4. On 12/18/05, I wanted to get into the pond to tend to the filter. The day before, I had cleared the snow from the portion of the net that I need to pull back. So, this day, I chipped at the net and tried to pull it back. After cutting half a dozen holes in the net by accident, I was able to pull it back a foot. I need to go back 5 feet to get in via my usual route. So, I decided to try another way. I walked over the falls and sat sideways on a flat rock that is out of water (on a garden pad, I sat). Then, I swivelled my legs around into the deep end and tried to slip in. I almost slipped and got water into the hip waders but managed to get in and walk over to the pump to remove the floss. I squirted it off as well as the bioball and lava rock bags in the biofilter. People say cleaning is not needed in winter but those things were as full of pond "black gold" as any time of the year. I got in a second time to put the filter floss back around the pump. A lot of hair algae is growing on the waterfall but I didn't try to really clean it off. I used a finger to pull the pond thermometer out of the water through the net but then it hit a rock, and with the net in the way, I couldn't get it up enough to read the temperature. The 153 gallon pond though was at 36 degrees F. I finally cut down the iris in that pond although the deer had done a pretty good job of that.

5. On 12/25/05, we had some pouring rain followed by strong winds the next day. The 153 got filled up with leaves which were frozen in the morning of 12/27/05. On 12/26/05, the 1800 gallon pond was at 38 degrees F and the 153 gallon pond at 36 degrees F.

6. The morning of 12/28/05, with the pond melted and devoid of cover, I counted 33 colored goldfish. There are others that are still naturally-colored that didn't get counted, most of them would be fry of the year. None of the 33 goldfish is more than 10" or so. All my 8-14" goldfish were killed last year and early this year by the heron and a mystery illness. But, 33 is still a good amount left.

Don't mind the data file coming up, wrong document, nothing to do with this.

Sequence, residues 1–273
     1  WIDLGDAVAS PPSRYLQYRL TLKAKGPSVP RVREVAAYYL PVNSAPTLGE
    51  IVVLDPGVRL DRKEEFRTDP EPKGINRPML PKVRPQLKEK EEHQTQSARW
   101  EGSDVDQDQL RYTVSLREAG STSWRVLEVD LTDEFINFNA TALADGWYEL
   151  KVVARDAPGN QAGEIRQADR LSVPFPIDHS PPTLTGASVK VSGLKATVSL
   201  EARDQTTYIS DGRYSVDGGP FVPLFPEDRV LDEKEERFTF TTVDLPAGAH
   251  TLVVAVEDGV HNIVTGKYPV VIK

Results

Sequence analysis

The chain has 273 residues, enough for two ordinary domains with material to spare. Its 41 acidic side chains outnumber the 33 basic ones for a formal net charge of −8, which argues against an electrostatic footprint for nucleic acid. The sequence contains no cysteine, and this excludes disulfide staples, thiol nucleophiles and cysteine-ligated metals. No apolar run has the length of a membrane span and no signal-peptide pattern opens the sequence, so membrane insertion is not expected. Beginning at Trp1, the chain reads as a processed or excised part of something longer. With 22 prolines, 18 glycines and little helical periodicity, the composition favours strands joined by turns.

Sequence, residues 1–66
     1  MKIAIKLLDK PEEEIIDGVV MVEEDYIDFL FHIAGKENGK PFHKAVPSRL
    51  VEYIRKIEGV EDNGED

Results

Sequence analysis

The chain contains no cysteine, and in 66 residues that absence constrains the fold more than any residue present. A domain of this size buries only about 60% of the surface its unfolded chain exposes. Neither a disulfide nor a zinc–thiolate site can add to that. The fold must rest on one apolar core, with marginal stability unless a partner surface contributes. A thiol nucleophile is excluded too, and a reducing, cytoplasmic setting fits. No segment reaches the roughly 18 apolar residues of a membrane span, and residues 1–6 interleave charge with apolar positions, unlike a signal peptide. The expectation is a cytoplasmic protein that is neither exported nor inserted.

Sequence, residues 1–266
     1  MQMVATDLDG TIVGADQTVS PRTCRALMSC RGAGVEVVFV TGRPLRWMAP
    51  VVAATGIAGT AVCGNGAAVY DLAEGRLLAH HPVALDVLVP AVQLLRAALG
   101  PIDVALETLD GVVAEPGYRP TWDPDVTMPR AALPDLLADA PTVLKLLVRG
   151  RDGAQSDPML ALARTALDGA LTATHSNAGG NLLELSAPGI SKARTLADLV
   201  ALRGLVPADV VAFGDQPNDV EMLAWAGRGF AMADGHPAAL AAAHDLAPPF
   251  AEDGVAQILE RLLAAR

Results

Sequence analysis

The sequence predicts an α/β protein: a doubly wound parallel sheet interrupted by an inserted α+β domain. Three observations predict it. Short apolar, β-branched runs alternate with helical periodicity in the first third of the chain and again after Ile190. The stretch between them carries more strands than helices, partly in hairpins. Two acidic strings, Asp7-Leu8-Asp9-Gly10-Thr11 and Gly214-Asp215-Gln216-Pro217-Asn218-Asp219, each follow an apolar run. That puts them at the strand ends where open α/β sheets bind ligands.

7. On 01/01/06, the pond was fully thawed out so I could pull back the net. I moved the floating "bird island" to get to the pump and found my dropsied goldfish there, dead for a few days apparently. I measured him at 7.5 inches long. He was orange with a little white. I netted the bottom a little and saw the huge male bullfrog. According to the lady I mentioned last month (in case you missed it, she had incorrect information), he should have drowned by now but he sure moved even though he was dark and yucky like hibernating bullfrogs get. I removed the filter floss around the main pump and changed it completely. When I can get in to the pond in winter, I have to do what I can while I have the chance. The net has kept the herons away but it had an unintended victim. Entangled in the net, I retrieved a headless songbird, perhaps a female goldfinch that had been there a while. The 1800 gallon pond was a toasty 42 degrees F and the 153 gallon 39 degrees F.

Pond Tidbits:

1. Deb had this to share about overwintering lotus rhizomes indoors.
"Some time in November, I cut off all the remaining lotus leaves, dump out the mud and water, and gently hose off the rhizomes. I then lay out a large beach towel(s) on the ground and wet with the hose. I lay the rhizomes gently on the towel(s) and carefully roll up the towel and place into a heavy mil garbage bag. Since I don't have a really good place to store my lotus over winter, I find that the only place cool enough to keep it alive is under my bathroom cabinet. This bathroom faces north and is quite chilly in our southern Alabama winters. I open the bag every other week and check the dampness of the towel and let air get inside for a day or two. No need to move it to do this; lotus rhizomes are very delicate so the least amount of handling the better. Once March comes along, I carefully replant all the rhizomes back into their pots and place in a sunny window and my greenhouses until I am sure that the frost is over for good. I then place them around my garden once again. This has been working for me for about four seasons now. I grow all my water plants in big pots since I only have a farm fish pond." I asked her what temperature the cabinet was. She said the lowest it got was 45-50 degrees F.

Web Sites of Interest:

1. This is a neat site to see all sorts of insects and arachnids. They also will identify any photos that you send (assuming the clarity is good enough). http://www.whatsthatbug.com

What's your favorite pond-related web site(s)?
Do you have a web site you want me to mention here?